“Each brick has a story to tell”: Oceanfront memorial for those who battled cancer now filled to capacity!!!!

Eric Hodies’ mom’s memorial brick, lower left, and his wife’s mother’s brick, above right, are two of the 4,000 memorials lining the walkway of Buff’s Garden in Virginia Beach. (Eric Hodies)

Twenty-one years ago, my mom passed away from cancer. Thirty-two years ago, my wife’s mother passed away from cancer. Though the women are buried in cemeteries 600 miles apart, their memorials lie side-by-side.

The two bricks honoring our mothers are part of the 4,000 bricks that line the walkway at Buff’s Garden at 47th Street and Ocean Front Avenue.

The garden is dedicated to Buff Taylor Koch, who succumbed to breast cancer at the age of 41. To honor Koch, the Buff Foundation was formed in the fall of 1997, and the first bricks were set in place on April 25, 1998.

For the past 19 years, the Blessing of the Bricks has been held under the arbor each April and October – a total of 38 ceremonies. Remarkably, there was only one weather delay during that span of time.

On April 30, the 38th Blessing of the Bricks was held on a warm, sunny afternoon, with an overflow crowd stretching from the beach to Ocean Front Avenue.

It was also the last blessing, as the 166 bricks dedicated that day have filled the walkway to capacity.

Initially, the bricks honored those who battled cancer. Over the years, family and friends who lost their lives to other illnesses and injury were included. There are also plenty of memorials to family pets.

“Each brick has a story to tell,” said foundation executive director Melanie Rice. “For many, the garden becomes a healing spot, and people feel a little better each time they visit.”

According to Rice, the postman who had Buff’s Garden on his route made it a point to stop each day to pick up trash and keep the area tidy. When the postman’s mother in Germany passed away, he bought a brick to honor her.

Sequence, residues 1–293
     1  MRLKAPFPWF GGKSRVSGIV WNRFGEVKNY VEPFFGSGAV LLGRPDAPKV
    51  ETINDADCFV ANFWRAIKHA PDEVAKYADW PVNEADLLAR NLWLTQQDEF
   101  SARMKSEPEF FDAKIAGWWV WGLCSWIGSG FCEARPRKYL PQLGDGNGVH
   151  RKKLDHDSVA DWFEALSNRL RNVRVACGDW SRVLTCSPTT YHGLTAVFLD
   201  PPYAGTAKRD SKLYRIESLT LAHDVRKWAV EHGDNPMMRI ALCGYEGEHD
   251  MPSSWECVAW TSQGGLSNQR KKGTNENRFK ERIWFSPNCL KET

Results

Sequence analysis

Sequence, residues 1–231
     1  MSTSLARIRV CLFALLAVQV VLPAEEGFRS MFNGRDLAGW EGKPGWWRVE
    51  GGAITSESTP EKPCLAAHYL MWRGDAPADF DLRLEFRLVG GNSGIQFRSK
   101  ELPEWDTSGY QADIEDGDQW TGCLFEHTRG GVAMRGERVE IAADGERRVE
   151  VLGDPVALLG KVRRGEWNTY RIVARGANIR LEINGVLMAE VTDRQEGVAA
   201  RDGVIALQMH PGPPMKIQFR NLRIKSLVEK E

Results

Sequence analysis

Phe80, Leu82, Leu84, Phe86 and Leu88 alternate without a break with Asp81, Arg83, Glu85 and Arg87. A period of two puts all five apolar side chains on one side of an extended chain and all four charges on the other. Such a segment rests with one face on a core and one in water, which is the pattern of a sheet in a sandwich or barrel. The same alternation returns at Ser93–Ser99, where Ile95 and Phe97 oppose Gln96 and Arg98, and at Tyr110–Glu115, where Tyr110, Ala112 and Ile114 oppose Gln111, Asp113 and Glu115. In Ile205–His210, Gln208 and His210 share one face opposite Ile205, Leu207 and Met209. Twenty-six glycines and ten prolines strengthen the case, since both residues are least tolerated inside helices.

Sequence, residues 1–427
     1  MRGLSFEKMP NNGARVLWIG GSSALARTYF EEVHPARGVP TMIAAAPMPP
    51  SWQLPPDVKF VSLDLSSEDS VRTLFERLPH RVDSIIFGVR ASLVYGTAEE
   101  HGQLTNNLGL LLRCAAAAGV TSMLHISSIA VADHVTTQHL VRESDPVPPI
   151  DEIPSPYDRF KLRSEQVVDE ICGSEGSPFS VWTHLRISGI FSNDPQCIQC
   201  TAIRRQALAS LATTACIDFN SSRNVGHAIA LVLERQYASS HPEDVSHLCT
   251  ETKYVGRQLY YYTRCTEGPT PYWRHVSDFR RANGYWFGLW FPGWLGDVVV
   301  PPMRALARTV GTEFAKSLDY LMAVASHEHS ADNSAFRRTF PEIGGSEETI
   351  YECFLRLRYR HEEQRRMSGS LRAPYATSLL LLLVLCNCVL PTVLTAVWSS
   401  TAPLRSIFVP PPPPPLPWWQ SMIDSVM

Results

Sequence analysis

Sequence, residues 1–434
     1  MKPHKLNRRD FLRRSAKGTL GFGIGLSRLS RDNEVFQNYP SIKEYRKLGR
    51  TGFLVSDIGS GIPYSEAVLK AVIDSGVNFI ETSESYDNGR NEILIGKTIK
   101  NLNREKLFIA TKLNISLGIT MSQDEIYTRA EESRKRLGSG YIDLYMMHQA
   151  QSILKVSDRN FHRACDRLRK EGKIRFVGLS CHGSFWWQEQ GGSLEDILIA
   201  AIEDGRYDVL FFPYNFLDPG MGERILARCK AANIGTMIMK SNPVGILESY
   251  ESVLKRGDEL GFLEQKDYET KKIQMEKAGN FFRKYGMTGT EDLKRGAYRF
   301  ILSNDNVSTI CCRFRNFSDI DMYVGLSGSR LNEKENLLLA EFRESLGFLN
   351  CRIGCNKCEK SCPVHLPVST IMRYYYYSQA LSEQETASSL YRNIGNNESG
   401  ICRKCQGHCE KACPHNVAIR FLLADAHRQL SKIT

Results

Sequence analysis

That brick is the only one of 4,000 that faces east – toward Germany. All others face west.

Tommy LaFosse is the brick mason who carefully set nearly every one of the 4,000 bricks, according to Rice. He was honored with his own brick at the entrance to the garden.

The garden is also a place for the community to gather for happy occasions, including baptisms, proposals and weddings. And when storms cover the walkway with several feet of sand, volunteers arrive in bunches to help shovel and sweep it clear.

Though cemeteries are a peaceful place to sit and have a quiet moment to think, I feel closer to nature at Buff’s Garden. The beautiful landscaping offers spiritual reflection and emphasizes life over death.

Of course, the dreaded c-word knows no boundaries and takes what it wants, including my wife’s mother at the young age of 57. My mom passed away on Feb. 29, 1996. Because it was Leap Day, she passed only hours short of her retirement day.

In Buff’s Garden, I find some solace that our mothers are surrounded by memorials to many other mothers who also lost their lives to cancer.

Buff’s Garden has been maintained through the sale of bricks, but now it needs help. The Buff Foundation estimates maintenance costs at $12,000 per year. For information, visit www.buffsgarden.com.

Eric Hodies is a freelancer writer who lives in the Kempsville area of Virginia Beach. Reach him at ehodies@hteam.net.